Shapira also recommends clients avoid working out for two weeks post-treatment, in addition to avoiding swimming, steam, and sun, which can all slow the skin’s healing process. “When it comes to bathing, you must take a quick shower without over-soaping or over-rubbing, and absolutely do not use a loofah for at least 60 days,” she warns. 

Harsh exfoliants and chemicals like glycolic or salicylic acids should also be shelved during this time, since these can remove the pigment of the fresh stretch mark tattoo. And if you’re into laser hair removal—or any other laser treatments, for that matter—plan to avoid those too, since according to plastic surgeon, Dr. Michael Law, “laser hair removal devices are searching for pigment and can therefore remove the pigment it finds in the tattoo.” He adds that this can cause damage to the skin including burning, blistering, hypopigmentation, or hyperpigmentation.

But even once your tattoos are fully healed, Bossavy recommends remaining vigilant about sun exposure, which can fade your ink. Instead of sunbathing, she suggests opting for a spray tan instead, or, if you must, using SPF 60+. Try La Roche-Posay Anthelios 60 Face + Body Melt In Sunscreen Milk SPF 60 ($35.99;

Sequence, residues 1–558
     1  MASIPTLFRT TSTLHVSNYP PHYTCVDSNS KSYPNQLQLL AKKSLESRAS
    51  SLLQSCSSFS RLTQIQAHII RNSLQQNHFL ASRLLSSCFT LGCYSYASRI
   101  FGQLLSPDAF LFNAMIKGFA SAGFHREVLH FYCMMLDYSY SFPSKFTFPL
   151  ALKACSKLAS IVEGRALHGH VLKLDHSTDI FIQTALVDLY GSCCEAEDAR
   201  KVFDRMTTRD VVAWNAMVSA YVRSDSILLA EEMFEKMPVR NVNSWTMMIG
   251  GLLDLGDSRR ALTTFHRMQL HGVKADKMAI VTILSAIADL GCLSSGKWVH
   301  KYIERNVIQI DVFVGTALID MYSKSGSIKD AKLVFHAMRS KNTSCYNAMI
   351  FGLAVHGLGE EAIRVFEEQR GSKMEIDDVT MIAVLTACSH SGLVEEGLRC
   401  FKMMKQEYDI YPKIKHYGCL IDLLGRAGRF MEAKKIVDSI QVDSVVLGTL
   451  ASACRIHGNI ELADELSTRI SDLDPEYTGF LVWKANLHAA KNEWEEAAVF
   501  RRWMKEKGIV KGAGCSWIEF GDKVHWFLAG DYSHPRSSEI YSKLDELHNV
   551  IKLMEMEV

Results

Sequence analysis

The bottom line

Stretch mark tattooing can work, but it isn’t necessarily an effective coverup method for all types of stretch marks, so you shouldn’t get your hopes up until you’ve had a consultation with your tattooer or dermatologist. And even if your stretch marks can be tattooed over, those tattoos—like any other ink—will fade over time. This means that touch ups will likely be required. If you want to conceal your stretch marks in between touch ups, though, Bossavy recommends covering your fading tattoos using KKW Skin Perfecting Body Foundation ($45; But you can also just embrace the tiger stripes as a beautiful part of yourself, too.

If you liked our story Can Stretch Marks Be Tattooed Over?, be sure to check out the post Meet the Man Who Tattoos Scars Full Time.